A four-year apprenticeship programme followed the abolishment of slavery on the plantations. In spite of the continued use of the labour force, the Nevisian slave owners were paid over £150,000 in compensation from the British Government for the loss of property, whereas the enslaved families received nothing for 200 years of labour.[13] One of the wealthiest planter families in Nevis, the Pinneys of Montravers Plantation, claimed £36,396 (worth close to £1,800,000 today) in compensation for the slaves on the family-owned plantations around the Caribbean.[14]

Because of the early distribution of plots and because many of the planters departed from the island when sugar cultivation became unprofitable, a relatively large percentage of Nevisians already owned or controlled land at emancipation.[15] Others settled on crown land. This early development of a society with a majority of small, landowning farmers and entrepreneurs created a stronger middleclass in Nevis than in Saint Kitts where the sugar industry continued until 2006. Even though the 15 families in the wealthy planter elite no longer control the arable land, Saint Kitts still has a large, landless working class population.[16]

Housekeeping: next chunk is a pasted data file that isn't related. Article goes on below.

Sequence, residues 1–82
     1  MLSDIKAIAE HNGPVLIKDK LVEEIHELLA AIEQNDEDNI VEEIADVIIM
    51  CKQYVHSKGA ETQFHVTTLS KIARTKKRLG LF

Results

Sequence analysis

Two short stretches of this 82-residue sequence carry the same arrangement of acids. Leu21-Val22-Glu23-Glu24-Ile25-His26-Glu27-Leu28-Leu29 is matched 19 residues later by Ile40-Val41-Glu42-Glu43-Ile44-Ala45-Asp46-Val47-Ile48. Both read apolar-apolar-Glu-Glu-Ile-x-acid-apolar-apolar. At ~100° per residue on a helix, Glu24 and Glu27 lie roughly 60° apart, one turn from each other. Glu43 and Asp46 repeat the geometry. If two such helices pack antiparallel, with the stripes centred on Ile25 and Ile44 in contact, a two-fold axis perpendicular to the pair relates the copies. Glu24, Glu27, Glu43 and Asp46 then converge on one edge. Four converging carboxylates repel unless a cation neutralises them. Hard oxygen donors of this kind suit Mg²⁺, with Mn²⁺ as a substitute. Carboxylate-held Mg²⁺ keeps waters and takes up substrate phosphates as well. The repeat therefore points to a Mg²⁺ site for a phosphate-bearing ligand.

1800 to the present day

Nevis school in 1899.

Nevis was united with Saint Kitts and Anguilla in 1882, and they became an associated state with full internal autonomy in 1967, though Anguilla seceded in 1971. Together, Saint Kitts and Nevis became independent on 19 September 1983. On 10 August 1998, a referendum on Nevis to separate from Saint Kitts had 2,427 votes in favour and 1,498 against, falling short of the two-thirds majority needed.